Though some of the ends of the shrub were killed by our hard winter, the plant seems to be quite hardy. It surprised me yesterday by revealing that it isn't just a living ornament in the garden, it has fruited! Looking closely at it I was delighted to see that there are about 8 hazelnuts on this tree. I wasn't expecting this! I had assumed that an ornamental shrub was sterile and would not fruit. I am so pleased that I was mistaken!

Thursday, July 22, 2010

No Time

Sorry folks - I started a new job.

Please don't send congratulations as it really is only slightly better than being unemployed. A plus side is that I am busy and my employer is grateful. Big down side is that I am so very very busy that everything else has been put on hold. I have long hours. I put in a twelve hour day yesterday.

I can just about find the time to read the blogs I like, but very little time to contruct a thought and write in mine.

Please forgive the slow output for a while. I will either get the new job managed so that I have time to do stuff OR I'll find a better job that allows for things like a life.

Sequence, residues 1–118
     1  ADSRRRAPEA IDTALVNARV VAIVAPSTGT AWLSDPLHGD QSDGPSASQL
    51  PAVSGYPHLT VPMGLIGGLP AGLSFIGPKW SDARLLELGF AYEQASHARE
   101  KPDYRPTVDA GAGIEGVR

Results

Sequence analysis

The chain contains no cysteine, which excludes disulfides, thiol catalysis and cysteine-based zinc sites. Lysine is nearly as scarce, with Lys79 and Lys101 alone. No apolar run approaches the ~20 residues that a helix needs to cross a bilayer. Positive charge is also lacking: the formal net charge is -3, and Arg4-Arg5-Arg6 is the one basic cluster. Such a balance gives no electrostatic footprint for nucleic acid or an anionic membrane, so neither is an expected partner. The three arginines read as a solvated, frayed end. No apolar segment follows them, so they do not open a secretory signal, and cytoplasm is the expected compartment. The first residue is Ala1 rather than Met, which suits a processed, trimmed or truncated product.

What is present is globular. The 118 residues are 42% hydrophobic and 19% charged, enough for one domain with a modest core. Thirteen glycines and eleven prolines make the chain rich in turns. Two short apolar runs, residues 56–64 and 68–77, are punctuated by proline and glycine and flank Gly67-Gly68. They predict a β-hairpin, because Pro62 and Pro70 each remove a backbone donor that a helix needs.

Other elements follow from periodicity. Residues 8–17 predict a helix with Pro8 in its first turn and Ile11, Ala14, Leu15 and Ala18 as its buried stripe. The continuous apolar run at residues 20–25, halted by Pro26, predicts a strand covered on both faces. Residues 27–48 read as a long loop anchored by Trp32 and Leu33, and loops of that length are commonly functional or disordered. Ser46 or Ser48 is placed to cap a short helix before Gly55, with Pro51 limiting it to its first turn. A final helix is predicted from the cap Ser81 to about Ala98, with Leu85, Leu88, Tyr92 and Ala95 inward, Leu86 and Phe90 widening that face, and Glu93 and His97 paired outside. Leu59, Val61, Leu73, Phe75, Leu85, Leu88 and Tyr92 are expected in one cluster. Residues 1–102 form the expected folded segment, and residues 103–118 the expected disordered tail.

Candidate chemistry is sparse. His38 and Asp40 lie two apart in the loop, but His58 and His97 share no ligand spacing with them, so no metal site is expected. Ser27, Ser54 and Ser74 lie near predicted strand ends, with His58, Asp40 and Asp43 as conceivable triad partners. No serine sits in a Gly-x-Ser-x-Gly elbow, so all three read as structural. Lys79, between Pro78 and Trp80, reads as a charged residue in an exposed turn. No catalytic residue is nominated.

I am hoping to get into the water for a dive this weekend. I'll write about that if I manage to get wet.

Monday, July 05, 2010

Loch Long

It was a very memorable 4th of July for me this year.View Larger Map

I went diving with members of the Dumfries dive club up to Loch Long along the Clyde.

The new weight harness (Christmas present from The Man of the Place) and the LED dive torch (the other Christmas present) were getting used in anger for the first time.

Independence Day found me bobbing in the Clyde, protecting my face from stinging hail while waiting for the other divers. I wasn't upset by the wait as the reason the others were delayed was that they had been helping me to get ready. I was using a new weight harness and it needed a thousand little adjustments to get it to sit right.

The weather wasn't great on the way up to Loch Long with wind and rain on the increase. One of the motorway signs warned of heavy rains and a chance of flooding - drive carefully. So what's a little bad weather? The purpose of diving is to get wet!